Let’s talk about bias, shall we? Specifically, let’s talk about the difference between recognizing a bias, reacting to a bias, and over reacting to a bias.
We shan’t continue unless we recognize that everyone has a bias. There is always bias. I believe we should reflect on our own interests so that we may recognize these biases and provide for the opportunity to respond to these biases. What the hell is making me think of this?
I’m currently listening to the e-book “You Are Not So Smart” on Audible, and my extremely short book report thus far is that everything we do is biased, and everything is an assumption; the title “You Are Not So Smart” is accurate. They even made a fancy trailer for the book:
Awesome. What does this mean for you?
Very little, if you don’t apply it. There’s always a bias, and while this little piece of psychology fascinates me, it’s vastly more important that we recognize our own biases, and account for them when necessary.
Take for example, what would happen if I was a personal trainer who participated in distance running events each weekend. 10k’s, half marathons, full marathons, I’m all about improving my splits. I may likely include a good deal of running in the training of my clients, encourage their own physical activity, and refer to running a good deal. Let’s prepare for the local Turkey Run! A 5k! Want to do a mud run?! Running is the best?!
What if I was a competitive powerlifter who trained other powerlifters? You better squat your pants off, dammit! Box squats, benching, and heavy deadlifts for everyone! This is how we train!
I could teach pilates, and tell you that breathing and feeling a toning stretch is the most important thing ever.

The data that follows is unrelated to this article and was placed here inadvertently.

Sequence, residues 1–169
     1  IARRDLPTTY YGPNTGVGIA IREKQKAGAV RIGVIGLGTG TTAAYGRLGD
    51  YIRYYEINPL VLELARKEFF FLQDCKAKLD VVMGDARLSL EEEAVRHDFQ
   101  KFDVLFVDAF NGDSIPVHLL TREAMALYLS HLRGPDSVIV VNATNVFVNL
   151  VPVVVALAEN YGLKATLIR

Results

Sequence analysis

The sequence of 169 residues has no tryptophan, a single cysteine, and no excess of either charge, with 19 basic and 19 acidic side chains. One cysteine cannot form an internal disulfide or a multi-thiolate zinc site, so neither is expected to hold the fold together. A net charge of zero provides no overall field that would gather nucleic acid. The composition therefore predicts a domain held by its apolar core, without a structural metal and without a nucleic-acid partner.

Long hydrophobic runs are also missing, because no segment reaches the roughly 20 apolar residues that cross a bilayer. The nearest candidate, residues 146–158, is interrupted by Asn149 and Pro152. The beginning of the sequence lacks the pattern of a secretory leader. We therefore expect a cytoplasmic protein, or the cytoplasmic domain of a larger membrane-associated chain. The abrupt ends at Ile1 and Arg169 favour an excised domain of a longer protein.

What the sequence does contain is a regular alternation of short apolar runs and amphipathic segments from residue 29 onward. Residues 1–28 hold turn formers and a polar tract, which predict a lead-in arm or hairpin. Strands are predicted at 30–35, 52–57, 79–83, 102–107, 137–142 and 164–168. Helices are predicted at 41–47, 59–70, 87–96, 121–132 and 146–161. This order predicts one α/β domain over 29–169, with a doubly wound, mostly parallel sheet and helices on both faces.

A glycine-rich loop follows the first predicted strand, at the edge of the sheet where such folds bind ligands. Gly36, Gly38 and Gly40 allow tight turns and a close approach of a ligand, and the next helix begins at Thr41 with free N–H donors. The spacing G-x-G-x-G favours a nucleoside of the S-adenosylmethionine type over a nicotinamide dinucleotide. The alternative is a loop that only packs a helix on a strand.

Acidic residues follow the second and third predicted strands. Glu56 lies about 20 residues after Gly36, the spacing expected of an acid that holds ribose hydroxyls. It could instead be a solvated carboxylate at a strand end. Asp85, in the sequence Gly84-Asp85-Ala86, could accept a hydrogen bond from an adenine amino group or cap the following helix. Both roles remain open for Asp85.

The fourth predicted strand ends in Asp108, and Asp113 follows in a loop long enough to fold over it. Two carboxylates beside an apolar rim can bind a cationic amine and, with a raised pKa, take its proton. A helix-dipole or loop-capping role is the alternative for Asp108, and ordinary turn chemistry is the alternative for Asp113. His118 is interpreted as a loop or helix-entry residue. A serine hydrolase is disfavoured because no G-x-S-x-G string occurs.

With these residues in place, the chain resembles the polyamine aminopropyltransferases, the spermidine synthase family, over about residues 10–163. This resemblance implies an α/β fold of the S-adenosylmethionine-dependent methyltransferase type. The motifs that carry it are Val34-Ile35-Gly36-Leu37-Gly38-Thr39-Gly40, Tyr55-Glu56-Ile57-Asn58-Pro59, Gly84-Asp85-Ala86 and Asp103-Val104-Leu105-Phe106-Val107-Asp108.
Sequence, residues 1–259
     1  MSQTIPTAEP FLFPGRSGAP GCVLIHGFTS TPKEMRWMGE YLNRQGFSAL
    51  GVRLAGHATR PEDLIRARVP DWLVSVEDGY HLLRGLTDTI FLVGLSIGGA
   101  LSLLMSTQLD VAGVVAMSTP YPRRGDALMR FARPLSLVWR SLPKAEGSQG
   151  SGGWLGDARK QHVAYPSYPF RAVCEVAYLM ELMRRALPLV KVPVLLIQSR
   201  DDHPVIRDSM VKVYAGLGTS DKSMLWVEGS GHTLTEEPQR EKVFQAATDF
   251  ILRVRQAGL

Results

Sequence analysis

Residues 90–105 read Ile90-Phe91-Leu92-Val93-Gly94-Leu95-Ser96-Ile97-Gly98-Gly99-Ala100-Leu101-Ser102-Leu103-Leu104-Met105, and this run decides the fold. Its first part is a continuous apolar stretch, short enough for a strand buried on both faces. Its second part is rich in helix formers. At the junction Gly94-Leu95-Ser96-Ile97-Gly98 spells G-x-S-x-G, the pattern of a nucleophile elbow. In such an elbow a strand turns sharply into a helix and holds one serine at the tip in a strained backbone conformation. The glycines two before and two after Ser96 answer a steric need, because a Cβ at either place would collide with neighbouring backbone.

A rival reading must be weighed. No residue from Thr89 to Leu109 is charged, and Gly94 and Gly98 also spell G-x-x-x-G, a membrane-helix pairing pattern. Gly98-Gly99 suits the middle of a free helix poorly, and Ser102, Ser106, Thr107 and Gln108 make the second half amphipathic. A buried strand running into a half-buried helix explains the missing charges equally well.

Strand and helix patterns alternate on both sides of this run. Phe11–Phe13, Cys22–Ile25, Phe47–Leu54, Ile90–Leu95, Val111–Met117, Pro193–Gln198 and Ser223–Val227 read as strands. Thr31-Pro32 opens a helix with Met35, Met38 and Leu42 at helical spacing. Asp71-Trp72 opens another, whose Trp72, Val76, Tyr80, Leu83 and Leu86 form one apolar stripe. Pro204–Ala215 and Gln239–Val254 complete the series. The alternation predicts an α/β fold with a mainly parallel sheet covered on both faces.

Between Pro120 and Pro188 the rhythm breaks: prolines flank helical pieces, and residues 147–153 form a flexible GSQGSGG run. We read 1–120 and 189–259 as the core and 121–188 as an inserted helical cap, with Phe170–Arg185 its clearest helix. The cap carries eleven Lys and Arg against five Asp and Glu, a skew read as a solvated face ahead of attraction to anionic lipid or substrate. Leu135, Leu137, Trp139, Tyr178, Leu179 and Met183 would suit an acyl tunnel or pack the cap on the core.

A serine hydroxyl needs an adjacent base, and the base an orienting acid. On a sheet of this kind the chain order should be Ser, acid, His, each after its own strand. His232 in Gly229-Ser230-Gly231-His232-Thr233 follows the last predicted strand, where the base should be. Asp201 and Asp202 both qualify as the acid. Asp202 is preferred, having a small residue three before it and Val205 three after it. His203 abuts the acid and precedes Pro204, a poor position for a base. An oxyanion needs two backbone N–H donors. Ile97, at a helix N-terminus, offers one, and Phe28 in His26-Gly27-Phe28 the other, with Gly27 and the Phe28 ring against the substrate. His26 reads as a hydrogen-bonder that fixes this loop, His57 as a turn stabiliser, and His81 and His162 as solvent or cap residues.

I could be Tracy Anderson and wave my hands in the air all day.
We each have inherent biases, and in recognizing them, we can do a better job of being honest with ourselves about what motivates us, and about being honest to the people we’re working with.
For example, I like lifting heavy things, and while I believe that everyone should include an emphasis on getting stronger, I recognize that this doesn’t always need to include lifting heavy shit. I also like playing drums, and I can get pretty sweaty when I play, but I can recognize that playing drums isn’t exactly the most arduous workout ever.
You can’t fool me. Those drumsticks definitely aren’t balanced. Also, what the hell is going on with those spines? Ouch.
We are biased. We make assumptions. Resistance is futile, and it’s impossible to avoid this. However, it IS possible to recognize this and make an attempt to address it as much as necessary. As much as possible would lead the run-lovers to max effort squat everyone, the Pilates people to fly through their sequences, and the powerlifters to time rest intervals with a heart rate monitor.
(Those all may have a place, but let’s ignore that for now.)
Recognizing our own biases is an extremely important skill, one that we should all strive to develop. As we refine this ability we can better work on making progress for ourselves, our family, and our friends.
Reflect on what you do, why you do it, and how it makes you feel. Identify bias. Great start.
Is this a bias that you need to respond to? Would that response be an overreaction? Where will the pendulum swing next?
That’s up to you.
2 Replies to “Identify Bias, Make Progress”
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topic? I’d be very grateful if you could elaborate a little bit more.
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